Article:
Alex Keller is the Texan sound artist who started quite a riot here at TSP mansions in 2016 with his Black Out solo record, for me a significant benchmark showing us just what you can do with sub-bass tones resonating in an enclosed space. Bones were rattled in direct violation of all we hold dear. It projected a degree of intensity which is hard to come by. Getting much the same delicious vibe from today’s slab of transparent vinyl, the LP Kruos (ELEVATOR BATH eeaoa46) which Keller realised as a duo piece with Sean O’Neill. O’Neill incidentally had a piece on the Phonography Austin Volume 1 comp which Keller sent us in 2017.
On one level Kruos fits nicely into the Elevator Bath mode – it’s fair they say they love a good droner at this label, and you don’t get much dronier than this item. On another level it’s doing what so many sound artists are doing these days, combining field recordings with electronic music in some way (in this case magnetic oscillators and old telephony equipment), such that this LP would fit right at home with any given Jim Haynes experiment released in the last year or so. There’s a few things that make Kruos pretty special though. To begin with there’s a simple structure to the album – side one is “indoors”, side two is “outdoors”, and there’s a plan to move the listener bodily from one place to another. We start off with facing very enclosed claustrophobic humming reverberators in a space where you can almost see the brick wall of a basement, so vivid are the recordings. This reflects the university power plant where some of it was captured (and who among us has not dreamed of harnessing the mysterious hum of a magnetic coil).
Then on the flip we’re out in a public park space with birdsong and open-air sound captures. In both cases the addition of electronic drones serves to create some truly mesmerising moments, yet the spell is constantly at risk of being broken by interruptions from the real world. Me, I would have been happy staying in the company of the power plant for the whole 35 mins (the LP opens with a chest-crushing sub-bass tone as striking as any moment on Black Out), but I dig the conceptual narrative thing that’s a big part of this team-up. There’s also some wordplay involved in the Kruos name, something to do with this Greek word being the root of the word “crystal” and a belief, apparently not unknown in the ancient world, that crystals were formed by extreme cold. The idea of “freezing” time evidently appealed to Keller and O’Neill, but they’ve relinquished the idea of controlling time and space through over-manipulated field recordings in favour of this much more direct approach of theirs.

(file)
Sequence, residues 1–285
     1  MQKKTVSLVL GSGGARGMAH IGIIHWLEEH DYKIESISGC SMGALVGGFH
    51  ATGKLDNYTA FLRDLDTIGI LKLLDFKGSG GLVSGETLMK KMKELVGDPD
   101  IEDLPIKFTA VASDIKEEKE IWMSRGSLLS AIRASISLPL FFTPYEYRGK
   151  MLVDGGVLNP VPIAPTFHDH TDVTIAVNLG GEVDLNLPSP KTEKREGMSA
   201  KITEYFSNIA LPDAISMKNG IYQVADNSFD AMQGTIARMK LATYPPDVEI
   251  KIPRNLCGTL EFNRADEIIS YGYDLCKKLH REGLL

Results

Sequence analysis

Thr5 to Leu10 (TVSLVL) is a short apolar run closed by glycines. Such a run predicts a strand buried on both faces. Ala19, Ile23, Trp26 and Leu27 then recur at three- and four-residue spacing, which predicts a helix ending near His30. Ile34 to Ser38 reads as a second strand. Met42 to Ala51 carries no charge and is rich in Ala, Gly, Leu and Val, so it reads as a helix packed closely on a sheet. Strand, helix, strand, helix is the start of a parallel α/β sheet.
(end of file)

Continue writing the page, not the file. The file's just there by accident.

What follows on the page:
Which brings me to another strong point of this Kruos, that is its very natural and organic feel which I count as a boon. Some phonographers are keen on adding a slightly mystical patina to their work, for instance through editing, juxtaposition, or transforming sound; in so doing they’re perhaps editorialising about the world, wanting these recordings of the rain or the ocean to somehow mean more than they do. It could be a European trend; López could stand accused of doing it, for one. By contrast, Kruos is more convincing as a level-headed long hard look at reality, largely unvarnished save for these electronic interventions. Fine piece of work. From 16th June 2017.